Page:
I hate it when I have the impression that I am reading a different book from other readers whose opinion I value. Hate it. Unfortunately, it happened with this book. I've read some really glowing reviews but, alas, I can't just - partially - share the love.
Objectively, Seraphina meets all the requirements to become the next epic fantasy series: it has an original take on a fairly exploited theme - dragons -, an amazing world-building, a well formed, strong main character, a 5-star-worthy writing style.
But let's go in order:
The story is set in a world where two species exist: dragons and humans.
Dragons, powerful creatures, mathematical minds, able to take human form (saarantrai) to interact with people, reject all emotions as weakness, to the point of excising them from their brains.
Humans, constrained in their fragile bodies, fear dragons above all else and despise them, even in their human form, to the point of racial discrimination. These two species have been at war with one another for the longest of times, except for the past forty years when a rather unstable truce gave apparent peace to the world. Now it's the time to renew the peace.
So, dragons. And humans.
And then, there's Seraphina. She is the unthinkable, a half-dragon. It is imperative her identity remain a secret, but when the Prince of Goredd is found brutally murdered and all fingers point to the dragons, Seraphina becomes the unwilling protagonist of an investigation to unveil a plot that is threatening to jeopardize an already unstable peace and which will oblige her to face her most dreaded nightmare: the truth about herself.
Sounds awesome, doesn't it?
Dragons that can take human form, that speak their own language (Mootya), that are organized and regulated by an Ardmagar and a council of Censors. I found it fascinating. In fact, the world-building is extremely well developed and detailed. To be honest, I haven't read that many books about dragons, and I'd say this is probably on the same level as Eon: Dragoneye Reborn, as far a world-building goes.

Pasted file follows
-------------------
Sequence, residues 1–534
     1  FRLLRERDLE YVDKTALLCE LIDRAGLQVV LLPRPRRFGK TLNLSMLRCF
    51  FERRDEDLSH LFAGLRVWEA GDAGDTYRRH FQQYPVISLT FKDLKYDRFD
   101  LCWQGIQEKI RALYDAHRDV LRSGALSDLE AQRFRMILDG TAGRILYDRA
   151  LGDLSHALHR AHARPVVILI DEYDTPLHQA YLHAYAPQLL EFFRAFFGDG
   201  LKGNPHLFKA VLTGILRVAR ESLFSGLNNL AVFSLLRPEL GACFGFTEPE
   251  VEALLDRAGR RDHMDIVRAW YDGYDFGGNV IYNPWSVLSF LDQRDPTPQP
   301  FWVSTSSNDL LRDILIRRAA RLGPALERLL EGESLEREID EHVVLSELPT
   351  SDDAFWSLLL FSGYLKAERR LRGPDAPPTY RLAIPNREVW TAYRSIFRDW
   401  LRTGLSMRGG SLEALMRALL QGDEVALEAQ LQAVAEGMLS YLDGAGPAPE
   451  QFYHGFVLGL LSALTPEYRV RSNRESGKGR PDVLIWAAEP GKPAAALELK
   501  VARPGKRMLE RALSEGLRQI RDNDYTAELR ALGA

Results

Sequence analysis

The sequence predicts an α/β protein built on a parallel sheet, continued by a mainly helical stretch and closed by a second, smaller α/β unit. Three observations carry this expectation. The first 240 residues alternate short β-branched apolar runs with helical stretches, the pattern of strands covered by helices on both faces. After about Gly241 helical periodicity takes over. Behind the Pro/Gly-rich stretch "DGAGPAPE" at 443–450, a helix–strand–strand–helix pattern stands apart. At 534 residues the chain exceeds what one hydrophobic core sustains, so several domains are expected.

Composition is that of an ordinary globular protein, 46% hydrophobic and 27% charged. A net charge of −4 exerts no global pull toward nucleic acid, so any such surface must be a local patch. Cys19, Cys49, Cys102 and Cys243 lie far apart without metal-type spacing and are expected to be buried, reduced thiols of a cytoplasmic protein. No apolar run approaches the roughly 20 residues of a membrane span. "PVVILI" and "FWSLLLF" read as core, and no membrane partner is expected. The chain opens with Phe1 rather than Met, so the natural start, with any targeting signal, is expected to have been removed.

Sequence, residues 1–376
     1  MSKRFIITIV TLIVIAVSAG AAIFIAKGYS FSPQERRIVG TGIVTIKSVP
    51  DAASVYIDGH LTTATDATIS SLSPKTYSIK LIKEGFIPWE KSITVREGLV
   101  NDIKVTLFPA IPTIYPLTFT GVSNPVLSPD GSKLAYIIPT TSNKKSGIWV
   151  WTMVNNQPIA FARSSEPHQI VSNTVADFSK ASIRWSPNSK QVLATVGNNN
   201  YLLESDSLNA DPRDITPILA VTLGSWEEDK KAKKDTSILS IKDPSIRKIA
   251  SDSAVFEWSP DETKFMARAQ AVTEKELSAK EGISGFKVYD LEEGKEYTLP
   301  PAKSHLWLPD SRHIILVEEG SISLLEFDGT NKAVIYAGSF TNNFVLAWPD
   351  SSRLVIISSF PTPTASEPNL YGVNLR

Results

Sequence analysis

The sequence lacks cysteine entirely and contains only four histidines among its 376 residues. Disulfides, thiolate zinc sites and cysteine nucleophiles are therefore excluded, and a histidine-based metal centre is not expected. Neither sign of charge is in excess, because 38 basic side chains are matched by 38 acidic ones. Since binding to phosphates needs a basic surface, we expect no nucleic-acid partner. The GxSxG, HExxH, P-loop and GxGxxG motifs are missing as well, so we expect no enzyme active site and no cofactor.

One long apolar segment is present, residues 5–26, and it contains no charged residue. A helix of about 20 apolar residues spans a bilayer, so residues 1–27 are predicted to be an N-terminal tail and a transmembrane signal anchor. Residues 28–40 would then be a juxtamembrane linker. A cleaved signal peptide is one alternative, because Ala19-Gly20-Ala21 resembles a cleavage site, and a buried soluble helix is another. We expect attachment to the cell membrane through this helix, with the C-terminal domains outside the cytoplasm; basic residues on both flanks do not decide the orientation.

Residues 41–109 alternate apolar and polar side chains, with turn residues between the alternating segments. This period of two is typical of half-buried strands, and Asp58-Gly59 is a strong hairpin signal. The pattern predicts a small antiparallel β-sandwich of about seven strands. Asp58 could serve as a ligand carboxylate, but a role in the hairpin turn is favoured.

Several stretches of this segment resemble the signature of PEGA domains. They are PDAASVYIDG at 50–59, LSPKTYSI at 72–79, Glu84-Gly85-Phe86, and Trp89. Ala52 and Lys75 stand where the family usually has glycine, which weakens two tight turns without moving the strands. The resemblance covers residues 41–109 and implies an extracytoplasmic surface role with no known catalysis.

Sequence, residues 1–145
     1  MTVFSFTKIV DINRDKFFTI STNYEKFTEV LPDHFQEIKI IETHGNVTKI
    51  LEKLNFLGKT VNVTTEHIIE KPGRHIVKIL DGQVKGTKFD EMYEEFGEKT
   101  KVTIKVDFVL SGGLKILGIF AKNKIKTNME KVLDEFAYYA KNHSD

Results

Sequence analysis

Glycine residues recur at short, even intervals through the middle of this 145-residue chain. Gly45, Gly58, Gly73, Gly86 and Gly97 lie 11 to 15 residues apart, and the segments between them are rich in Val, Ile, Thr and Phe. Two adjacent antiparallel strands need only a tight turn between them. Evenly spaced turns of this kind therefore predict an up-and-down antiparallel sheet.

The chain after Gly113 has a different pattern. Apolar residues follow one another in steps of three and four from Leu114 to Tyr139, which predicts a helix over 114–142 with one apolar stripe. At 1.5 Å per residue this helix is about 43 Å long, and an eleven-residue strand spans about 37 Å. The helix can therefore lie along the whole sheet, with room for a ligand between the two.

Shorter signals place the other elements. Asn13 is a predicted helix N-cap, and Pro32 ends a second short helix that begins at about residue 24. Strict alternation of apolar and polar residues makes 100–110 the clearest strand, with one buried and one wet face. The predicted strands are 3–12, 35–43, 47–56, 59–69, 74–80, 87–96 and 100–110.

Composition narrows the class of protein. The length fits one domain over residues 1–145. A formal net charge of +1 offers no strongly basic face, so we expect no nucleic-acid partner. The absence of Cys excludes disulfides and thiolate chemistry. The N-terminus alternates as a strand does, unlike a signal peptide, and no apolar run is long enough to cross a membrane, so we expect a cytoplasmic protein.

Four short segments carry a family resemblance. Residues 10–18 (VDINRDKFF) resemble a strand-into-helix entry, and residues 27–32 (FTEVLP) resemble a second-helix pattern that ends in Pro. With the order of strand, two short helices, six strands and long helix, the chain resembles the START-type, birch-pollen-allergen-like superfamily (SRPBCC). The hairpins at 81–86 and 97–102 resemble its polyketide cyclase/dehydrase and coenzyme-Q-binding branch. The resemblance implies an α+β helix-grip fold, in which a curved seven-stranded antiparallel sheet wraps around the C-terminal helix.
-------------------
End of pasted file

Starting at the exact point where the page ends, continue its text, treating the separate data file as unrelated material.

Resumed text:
Seraphina is an amazing character. Caught in the middle between two worlds, neither here nor there, she has been taught to despise a part of herself, to keep it secreted. She lives a lie and will never be accepted by either worlds. She is an abomination.
I loved her passion for music, her witty personality, her intelligence and self-deprecating sense of humor. I loved how she grows during the story, how she comes to term with her feelings, how lies do not belong to her but have only been inculcated in her, how she is fundamentally honest. Even the love story, which could have been a potential love triangle, comes out as believable, growing and sweet. Lucian is a bit too much the perfect guy for me, too good through and through, but still very likable. I found much more interesting a whole set of bizarre side characters: Madame Okra, Abdo, Viridius, Orma, Basind. They had me laughing most of the time and were truly what MADE this book for me.
Hartman's writing is what I'd define sophisticated and recherché. I had to look up a fair amount of words, my favorite probably being houppelande. There are no doubts about the quality of her writing and truly, there isn't much more to say about it.
But I have to defend my 3 stars.
I'll sum it up in one word: pacing.
Despite the fantastic world-building, the amazing characters and the luscious writing, I had such a hard time getting through this book, I considered abandoning it on more than one occasion. The quantity of information to take in in the first, say, 150 pages of the book is massive and not always explained in a way to make it crystal clear. Some things are just thrown there and then explained 50 pages later. There's a whole universe of saints to digest that... really, were they necessary? And there is barely any action up until - I marked it - page 168.To be honest: too slow for me, sometimes it really could not keep my attention.
I had a hard time wrapping my head around Seraphina's "garden" and her grotesques, I felt the need for a bit more physical descriptions - of the Quigutl, for example - and a MAP. I really, really wanted to see a map. How is this world? Where is the Tanamoot? How many other kingdoms are there and where are they in respect to Goredd?
So three stars. I enjoyed it because I was stubborn and kept reading and was finally rewarded in the second part but I'm not sure everybody would get through those first 100 and odd pages. Or maybe it's just me, other readers seem to adore it.
I'm looking forward to seeing the cover for it and I will surely pick up the sequel to this adventure with dragons, hoping that, with the infodump out of the way, I will find it a bit more fast-paced.